The Timberwolves may have put the NBA — and the general viewing public — on notice Saturday night, Dec. 26, impressively dispatching Utah 116-111 en route to a 2-0 start to the season. They might actually be good, far sooner than anyone expected.
The Karl-Anthony Towns-led defense is strong. Jarrett Culver and Anthony Edwards are continuing their ascension, D’Angelo Russell’s shot making is shining and Minnesota is making all the little plays necessary to beat quality opponents on the road.
This was not expected from this young, unacclimated roster. There were supposed to be bumps in the early road as a roster filled with guys who haven’t spent much time together continued to try to grow and gel.
Perhaps that process is taking place in front of our very eyes. It was apparent late in the fourth quarter Saturday, as Minnesota — which out-played Utah for the majority of the night — faced multiple fourth-quarter charges from the veteran Jazz.
And the Wolves answered the call. That held true even as Towns missed late-game minutes after taking a hard fall onto his wrist with five minutes to play. Without their star big man, the Wolves stemmed the tide thanks to a series of clutch shots from Russell.
Towns returned for the final minute of action and made an instant impact. Up four with 50 seconds to play, Towns competed for an offensive rebound that earned the Wolves an extra possession that they used successfully, as Malik Beasley drove to the hoop to extend the lead back to six.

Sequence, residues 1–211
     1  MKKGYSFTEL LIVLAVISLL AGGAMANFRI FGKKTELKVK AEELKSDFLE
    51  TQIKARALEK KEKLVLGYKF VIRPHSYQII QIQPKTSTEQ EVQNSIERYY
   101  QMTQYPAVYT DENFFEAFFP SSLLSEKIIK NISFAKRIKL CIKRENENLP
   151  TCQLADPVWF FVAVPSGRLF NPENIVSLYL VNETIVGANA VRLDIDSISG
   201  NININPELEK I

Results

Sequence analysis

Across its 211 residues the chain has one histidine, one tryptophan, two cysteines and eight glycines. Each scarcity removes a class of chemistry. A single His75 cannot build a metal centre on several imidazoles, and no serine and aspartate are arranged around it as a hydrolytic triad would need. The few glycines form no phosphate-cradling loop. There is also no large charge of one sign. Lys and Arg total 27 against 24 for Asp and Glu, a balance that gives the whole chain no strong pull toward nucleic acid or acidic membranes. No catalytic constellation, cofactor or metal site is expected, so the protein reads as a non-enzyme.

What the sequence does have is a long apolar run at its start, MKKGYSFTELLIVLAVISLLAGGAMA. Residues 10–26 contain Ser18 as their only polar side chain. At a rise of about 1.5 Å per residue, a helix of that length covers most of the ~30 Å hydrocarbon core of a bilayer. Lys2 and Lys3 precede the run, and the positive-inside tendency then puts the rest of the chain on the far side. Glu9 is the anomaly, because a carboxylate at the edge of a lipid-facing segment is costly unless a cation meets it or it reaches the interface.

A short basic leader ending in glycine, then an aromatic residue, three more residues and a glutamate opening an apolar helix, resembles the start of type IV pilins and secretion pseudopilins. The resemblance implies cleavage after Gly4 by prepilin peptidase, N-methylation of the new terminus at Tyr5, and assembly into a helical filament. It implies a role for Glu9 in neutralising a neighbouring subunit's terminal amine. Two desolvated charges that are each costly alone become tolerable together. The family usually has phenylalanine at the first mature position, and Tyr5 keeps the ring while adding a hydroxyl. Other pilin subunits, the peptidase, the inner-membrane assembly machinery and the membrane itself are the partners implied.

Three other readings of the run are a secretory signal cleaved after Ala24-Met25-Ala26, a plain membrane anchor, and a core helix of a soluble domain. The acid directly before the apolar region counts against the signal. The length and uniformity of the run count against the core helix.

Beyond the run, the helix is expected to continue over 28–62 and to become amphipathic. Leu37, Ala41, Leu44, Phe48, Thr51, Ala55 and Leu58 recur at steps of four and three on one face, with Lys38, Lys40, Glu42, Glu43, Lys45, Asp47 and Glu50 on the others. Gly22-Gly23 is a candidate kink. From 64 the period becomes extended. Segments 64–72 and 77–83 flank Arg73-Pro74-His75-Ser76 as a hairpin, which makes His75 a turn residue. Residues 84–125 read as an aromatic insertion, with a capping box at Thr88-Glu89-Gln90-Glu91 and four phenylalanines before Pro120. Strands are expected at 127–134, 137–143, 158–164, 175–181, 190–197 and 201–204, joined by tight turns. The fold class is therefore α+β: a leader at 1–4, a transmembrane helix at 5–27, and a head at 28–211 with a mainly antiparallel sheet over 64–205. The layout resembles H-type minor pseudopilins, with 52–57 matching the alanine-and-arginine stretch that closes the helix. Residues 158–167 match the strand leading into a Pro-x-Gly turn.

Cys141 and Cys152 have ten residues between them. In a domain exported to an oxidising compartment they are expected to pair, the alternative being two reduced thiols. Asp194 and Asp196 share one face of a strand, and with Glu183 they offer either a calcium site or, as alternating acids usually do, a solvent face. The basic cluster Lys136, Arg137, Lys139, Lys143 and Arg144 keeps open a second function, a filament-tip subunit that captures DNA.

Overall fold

The Wolves’ late-game execution in consecutive games to open the season suggests this team may be more well-seasoned than originally expected. That’s certainly true of Edwards and Culver.
Edwards looks like a legitimate Rookie of the Year candidate, scoring 18 points Saturday on 8-for-12 shooting. His confidence and physical prowess continues to impress, as Edwards went at Rudy Gobert — the league’s top defensive center 3 and scored at the rim in the first half, something wings across the league struggle doing.
Culver’s rebound from a rocky rookie season is in full swing. He’s a strong defender who’s making shots. He tallied 14 points while going 3 for 3 from deep.
Russell had 25 points and six assists, and Towns had 16 points and 12 rebounds.
No one questioned the Wolves’ ability to score. That much was almost assumed. But where the Wolves are impressing many through two games is on the defensive end. Towns — considered a leak on that end of the floor for years — is providing a solid anchor around which everything is built. With Ricky Rubio, Josh Okogie and Culver, the Wolves have strong defensive wings.
There is certainly room to grow, but the makings of a good defensive team are more visible now than any time in the franchise’s recent history. Minnesota forced 18 turnovers while holding Utah to 38 percent shooting, including 29 percent from deep.
Utah had a chance to tie the game, down three points with 4.2 seconds to play. The Wolves didn’t even allow them to get the in-bounds pass into play. The ensuing five-second call sealed Minnesota’s victory. That whistle may have been the warning call to the rest of the league — look out for the Wolves.